Our text is Acts 21:37-22:29.
Paul begins his defense by identifying with the crowd, reflecting on his former life. He was born a Jew in Tarsus and had been brought up in Jerusalem. He sat at the feet of Gamaliel. He had been a strict Pharisee, indeed a Pharisee of Pharisees. His zeal was expressed in violent persecution of Christians, both men and women, whom he handed over to death. Paul wanted to destroy Christianity. The high priest and council of elders would confirm his story (22:5). They knew at one time Paul had even sought to travel all the way to Damascus to persecute followers of the Way. But then something happened: Paul met the living Christ, and that changed everything.
Children’s Message: Pastor Chad Sadorf has been including a series of Children’s Messages. These messages will parallel the sermons from Acts to help guide the children through the concepts that are taught in the sermon. Today’s message is provided as a video; this link appears just after the Gloria Patri in the service (where it would normally occur in our church service). Click on these links for a children’s bulletin and printable activity pages to accompany this message: Children’s Bulletin and Citizen of Heaven Activity Sheet.
Service for Family Worship:
Call to Worship:
1 John 4:9
9 In this the love of God was made manifest among us, that God sent his only Son into the world, so that we might live through him. (ESV)
Almighty God, sometimes we are overwhelmed by your love.
And we even think to ourselves, how can this be? It’s just not right. We’re not worthy to be here. We’re not good enough. We don’t know enough. We don’t care enough.
But Father, you show us sin, but you also point us to our savior and enable us to run to Jesus. And we see your glory.
And then the beauty of the gospel overwhelms us.
Father, we thank you so much for the privilege of gathering in your name, and for the many blessings that are so evident in our lives.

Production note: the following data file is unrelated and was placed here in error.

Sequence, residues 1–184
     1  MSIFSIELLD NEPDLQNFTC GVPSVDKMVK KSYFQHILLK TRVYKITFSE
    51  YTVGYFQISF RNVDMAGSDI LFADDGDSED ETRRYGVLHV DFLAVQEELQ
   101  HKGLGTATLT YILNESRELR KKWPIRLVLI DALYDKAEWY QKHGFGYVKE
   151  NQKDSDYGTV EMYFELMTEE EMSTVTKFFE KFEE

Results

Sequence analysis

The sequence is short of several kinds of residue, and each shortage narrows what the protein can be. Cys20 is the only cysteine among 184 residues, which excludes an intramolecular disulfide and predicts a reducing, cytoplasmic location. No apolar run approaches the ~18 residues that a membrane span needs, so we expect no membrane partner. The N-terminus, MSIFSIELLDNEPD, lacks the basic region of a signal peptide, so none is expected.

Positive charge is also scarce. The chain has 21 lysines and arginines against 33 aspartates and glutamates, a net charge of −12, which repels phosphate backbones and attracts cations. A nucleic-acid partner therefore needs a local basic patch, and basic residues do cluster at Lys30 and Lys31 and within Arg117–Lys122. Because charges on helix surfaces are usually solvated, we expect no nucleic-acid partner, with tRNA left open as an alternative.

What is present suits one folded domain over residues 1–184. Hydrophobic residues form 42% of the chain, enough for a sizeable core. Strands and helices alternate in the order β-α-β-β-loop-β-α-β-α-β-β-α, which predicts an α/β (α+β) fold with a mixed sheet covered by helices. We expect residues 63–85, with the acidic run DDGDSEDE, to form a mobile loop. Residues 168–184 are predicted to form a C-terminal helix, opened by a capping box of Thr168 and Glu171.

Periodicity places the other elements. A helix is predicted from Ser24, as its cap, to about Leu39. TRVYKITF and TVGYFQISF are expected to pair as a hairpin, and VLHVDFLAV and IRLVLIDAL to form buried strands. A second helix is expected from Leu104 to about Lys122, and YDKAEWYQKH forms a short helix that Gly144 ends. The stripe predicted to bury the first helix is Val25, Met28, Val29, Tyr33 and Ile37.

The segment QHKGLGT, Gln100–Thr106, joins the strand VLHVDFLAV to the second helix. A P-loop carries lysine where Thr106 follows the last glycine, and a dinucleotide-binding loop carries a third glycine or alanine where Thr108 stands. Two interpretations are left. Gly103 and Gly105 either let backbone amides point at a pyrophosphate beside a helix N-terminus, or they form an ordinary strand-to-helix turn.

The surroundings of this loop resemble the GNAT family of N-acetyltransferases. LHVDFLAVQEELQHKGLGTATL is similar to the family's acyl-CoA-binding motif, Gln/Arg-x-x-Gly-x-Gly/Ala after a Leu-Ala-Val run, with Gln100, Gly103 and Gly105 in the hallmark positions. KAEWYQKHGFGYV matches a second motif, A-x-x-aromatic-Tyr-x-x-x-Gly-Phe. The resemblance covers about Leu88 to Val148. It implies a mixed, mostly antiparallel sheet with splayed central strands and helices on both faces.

But Father we praise you this morning not only because of what you have done, but because you are infinitely worthy.
So, would you enable us through Holy Spirit to offer you worship that is acceptable and pleasing in your sight, as we offer ourselves through Christ our Lord. Amen.
In the month of November, our congregation will be singing Psalm 89, it is set to the tune, Ode to Joy, from Beethoven’s Ninth Symphony. Charles Spurgeon wrote, “We have now reached the majestic Covenant Psalm, which, according to the Jewish arrangement closes the third book of the Psalms. It is the utterance of a believer, in presence of great national disaster, pleading with his God, urging the grand argument of covenant engagements, and expecting deliverance and help, because of the faithfulness of Jehovah.” from The Treasury of David, by Charles Spurgeon, www.spurgeon.org/treasury/treasury/ps089.htm
Corporate Scripture Reading: Luke 18:9-14
9 He also told this parable to some who trusted in themselves that they were righteous, and treated others with contempt: 10 “Two men went up into the temple to pray, one a Pharisee and the other a tax collector. 11 The Pharisee, standing by himself, prayed thus: ‘God, I thank you that I am not like other men, extortioners, unjust, adulterers, or even like this tax collector. 12 I fast twice a week; I give tithes of all that I get.’ 13 But the tax collector, standing far off, would not even lift up his eyes to heaven, but beat his breast, saying, ‘God, be merciful to me, a sinner!’ 14 I tell you, this man went down to his house justified, rather than the other. For everyone who exalts himself will be humbled, but the one who humbles himself will be exalted.” (ESV)
Loving God, your word is living and active, sharper than any two-edged sword, piercing to the division of soul and of spirit, of joints and of marrow, and discerning the thoughts and intentions of the heart. Even as you have confronted us this morning through this parable Jesus told, help us to see ourselves. Reveal to us the manifold ways in which we are guilty of trusting in ourselves and our own perceived righteousness. We often judge others uncharitably in our hearts, while we are quick to give ourselves a free pass. When we do, we trivialize your glorious gospel thinking that we can somehow gain merit with you by striving under the law. The truth is, our own righteousness is filthy rags when measured against your perfect standard in the law, and the perfection of your son Jesus Christ. So Father, forgive us we pray for the totality of our sin. Manifest true humility in our hearts and lives through the power of your word and Holy Spirit. Help us to stand before you clothed only in the righteousness of your son, as we rest in him in faith. And may ongoing repentance and faith bring us the true joy and peace you have ordained, for your glory and for our good. In the matchless name of Jesus we pray. Amen.
Assurance of Pardon: